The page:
New evidence of durable immune response to 3 experimental Ebola vaccines helps drive new wave of vaccine development

In the midst of an increasingly volatile Ebola outbreak in the Democratic Republic of Congo, a new study presented today finds that the immune response generated by three experimental Ebola vaccines—including one already deployed in the DRC—persists for at least two and a half years. The study, presented at the Annual Meeting of the American Society of Tropical Medicine and Hygiene, could have implications far beyond the Ebola fight, said Katie Ewer, Ph.D., who conducted the study with colleague Matthew Snape, MD, at the University of Oxford’s Jenner Institute and Oxford Vaccine Group, and Emma Thomson, Ph.D., at the University of Glasgow.

Ewer said the impact is so far-reaching because the urgent need for Ebola vaccines has helped generate funding and scientific insights that could help expedite vaccines against several other diseases with significant outbreak potential, including Lassa fever, Nipah virus disease, and Middle East Respiratory syndrome coronavirus (MERS-CoV).

“The Ebola vaccine work that intensified after the outbreak in West Africa has produced an explosion of vaccine development that could leave us much better prepared to fight other outbreaks of infectious diseases,” Ewer said. “It has helped policy makers and funders understand the need. And that support has helped validate new vaccine platforms, including one that is adaptable for a number of viral diseases.”

The Oxford study examined duration of immunity by analyzing blood samples taken from healthy human volunteers who had received one of the three vaccine regimens more than two years earlier. The study was funded by an Innovate U.K. award from the U.K. Department of Health to Matthew Snape.

“These results will be invaluable when deciding which strategy to use to induce long-lasting protection, for example in healthcare workers in areas at ongoing risk of Ebola outbreaks,” he said. “Another important question is whether the persistence of this immune response can be enhanced by giving a ‘late-booster’ dose of vaccine 3 to 4 years after the initial immunization, and we will be studying this in further work in the U.K. and Senegal in the coming year.”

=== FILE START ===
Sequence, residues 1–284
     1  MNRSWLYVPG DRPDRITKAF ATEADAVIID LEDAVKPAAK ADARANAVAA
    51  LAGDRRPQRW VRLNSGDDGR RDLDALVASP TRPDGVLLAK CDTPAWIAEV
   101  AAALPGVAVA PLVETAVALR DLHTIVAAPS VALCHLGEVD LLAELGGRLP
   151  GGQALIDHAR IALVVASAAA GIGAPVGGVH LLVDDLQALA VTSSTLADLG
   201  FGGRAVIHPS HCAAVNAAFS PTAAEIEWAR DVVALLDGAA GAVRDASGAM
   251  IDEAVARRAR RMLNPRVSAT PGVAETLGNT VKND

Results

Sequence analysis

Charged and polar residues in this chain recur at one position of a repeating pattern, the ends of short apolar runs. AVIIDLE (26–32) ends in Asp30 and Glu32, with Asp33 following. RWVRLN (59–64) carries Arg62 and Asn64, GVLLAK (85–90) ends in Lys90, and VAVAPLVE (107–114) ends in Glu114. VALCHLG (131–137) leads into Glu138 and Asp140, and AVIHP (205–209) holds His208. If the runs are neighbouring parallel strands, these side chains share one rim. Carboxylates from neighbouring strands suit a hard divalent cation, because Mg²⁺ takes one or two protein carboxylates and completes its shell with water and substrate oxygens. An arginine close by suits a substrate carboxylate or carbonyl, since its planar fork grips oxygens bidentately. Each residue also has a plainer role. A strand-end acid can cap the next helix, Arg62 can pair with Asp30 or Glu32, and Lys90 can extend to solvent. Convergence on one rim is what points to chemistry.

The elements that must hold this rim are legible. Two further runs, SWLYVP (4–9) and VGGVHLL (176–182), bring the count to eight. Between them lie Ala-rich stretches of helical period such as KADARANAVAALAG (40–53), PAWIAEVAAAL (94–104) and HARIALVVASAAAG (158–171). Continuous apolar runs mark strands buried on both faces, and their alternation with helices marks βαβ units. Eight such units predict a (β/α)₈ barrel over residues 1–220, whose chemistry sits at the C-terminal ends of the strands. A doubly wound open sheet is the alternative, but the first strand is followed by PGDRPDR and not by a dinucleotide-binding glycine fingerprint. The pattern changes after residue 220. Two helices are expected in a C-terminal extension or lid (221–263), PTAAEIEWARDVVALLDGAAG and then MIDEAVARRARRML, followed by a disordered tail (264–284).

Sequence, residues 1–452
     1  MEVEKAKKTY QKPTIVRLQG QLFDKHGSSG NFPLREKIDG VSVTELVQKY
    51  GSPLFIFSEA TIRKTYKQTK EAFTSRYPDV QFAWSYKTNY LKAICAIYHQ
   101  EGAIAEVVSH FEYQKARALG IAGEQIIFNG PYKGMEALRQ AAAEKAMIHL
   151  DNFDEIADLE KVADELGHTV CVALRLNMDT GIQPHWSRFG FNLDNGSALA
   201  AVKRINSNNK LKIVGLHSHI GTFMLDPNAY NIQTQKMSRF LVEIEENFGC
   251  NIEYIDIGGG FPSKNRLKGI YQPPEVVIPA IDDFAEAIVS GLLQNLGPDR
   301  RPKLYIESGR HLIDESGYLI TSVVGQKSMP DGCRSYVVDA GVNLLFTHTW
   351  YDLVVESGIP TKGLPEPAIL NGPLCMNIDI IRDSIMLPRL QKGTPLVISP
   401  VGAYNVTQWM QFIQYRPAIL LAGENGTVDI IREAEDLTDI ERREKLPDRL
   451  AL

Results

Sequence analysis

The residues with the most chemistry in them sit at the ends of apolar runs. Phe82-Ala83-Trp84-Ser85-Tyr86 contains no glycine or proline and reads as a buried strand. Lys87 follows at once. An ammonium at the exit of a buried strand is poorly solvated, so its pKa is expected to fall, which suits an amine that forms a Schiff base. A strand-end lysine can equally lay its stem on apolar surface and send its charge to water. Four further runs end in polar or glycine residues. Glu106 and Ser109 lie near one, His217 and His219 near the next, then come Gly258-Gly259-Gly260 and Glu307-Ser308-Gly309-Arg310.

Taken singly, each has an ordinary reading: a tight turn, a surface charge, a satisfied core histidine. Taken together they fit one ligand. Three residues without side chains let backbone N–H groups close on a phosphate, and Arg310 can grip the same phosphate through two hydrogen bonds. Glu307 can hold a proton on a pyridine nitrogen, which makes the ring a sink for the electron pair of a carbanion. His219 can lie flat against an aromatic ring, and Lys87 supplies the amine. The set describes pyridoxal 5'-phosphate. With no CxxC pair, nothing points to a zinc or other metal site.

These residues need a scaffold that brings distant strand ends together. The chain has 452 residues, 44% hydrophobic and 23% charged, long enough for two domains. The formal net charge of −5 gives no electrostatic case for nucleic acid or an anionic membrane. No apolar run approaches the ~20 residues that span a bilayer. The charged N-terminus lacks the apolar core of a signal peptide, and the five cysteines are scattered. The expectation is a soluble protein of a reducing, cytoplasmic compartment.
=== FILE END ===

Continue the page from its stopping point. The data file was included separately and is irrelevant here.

Durable Immunity: A Milestone for Ebola Vaccines

Ewer said that, in general, the analysis of the experimental Ebola vaccines showed that all three “were still producing a strong antibody response to the disease two and a half years after immunization, which is really good news.”

One of the vaccines, developed by Merck, is now being use in the DRC, and there was already preliminary evidence that its protection lasted for at least two years. While the protection from the vaccines might actually be much longer, this is the longest scientists have been able to track Ebola vaccine responses in humans.

Ewer said that “to protect health-care workers in the field in regions where we know there is a risk of new Ebola outbreaks, it’s really important to generate persistent immune responses and this is now the most urgent need for an Ebola vaccine.”

During the 2013-2016 Ebola outbreak in West Africa, healthcare workers did not have the option of vaccination, and that is one reason it was so hard to contain the spread of disease. Healthcare workers, who are critical to fighting the disease, were also the most likely to be exposed, and many died early in the outbreak after being infected by their patients.

Validating Vaccine Platform Adaptable to Other Epidemic Diseases

Ewer said there was also evidence from the study that one of the vaccine platforms used for Ebola could be very adaptable to other diseases. She believes evidence that this platform can induce long-lasting protection in an experimental Ebola vaccine helps validate work already underway to build vaccines against other deadly viral diseases using the same platform.

For example, the Jenner Institute is now working in a partnership with Janssen pharmaceuticals to follow a similar approach to rapidly develop vaccines against three lethal diseases: Nipah virus disease, Lassa fever, and MERS-CoV. Nipah virus, which causes outbreaks of severe respiratory illness, caused a major scare in India this year. Lassa fever has some similarities with Ebola and surprised health officials in Nigeria this year with a sudden spike in infections. MERS-CoV has a particularly worrisome capacity to cause deadly respiratory disease outbreaks in hospitals.

Work to develop these vaccines is being funded by the Coalition for Epidemic Preparedness Innovations (CEPI). CEPI was established with funding from the governments of Norway, Japan, and Germany, along with the Bill & Melinda Gates Foundation and the Wellcome Trust, with the goal of using new approaches to vaccine development to radically shrink the time it takes to get a vaccine against viral diseases ready for use in health emergencies. While the Ebola vaccine now being used in the DRC was 12 years in the making, other vaccines, like the meningitis vaccine, have taken decades to develop. CEPI leaders believe that, for many diseases, that time can be reduced to as little as eight months.

Ewer said identifying a common vaccine platform that can be useful for multiple diseases can play a big part in meeting this ambitious timetable.

The goal now, said Ewer, is to have more vaccines that can be quickly readied for at least limited use at the first sign of an outbreak—to quickly protect healthcare workers and contain the spread with a ring of immunized individuals, as well as protecting against future outbreaks.

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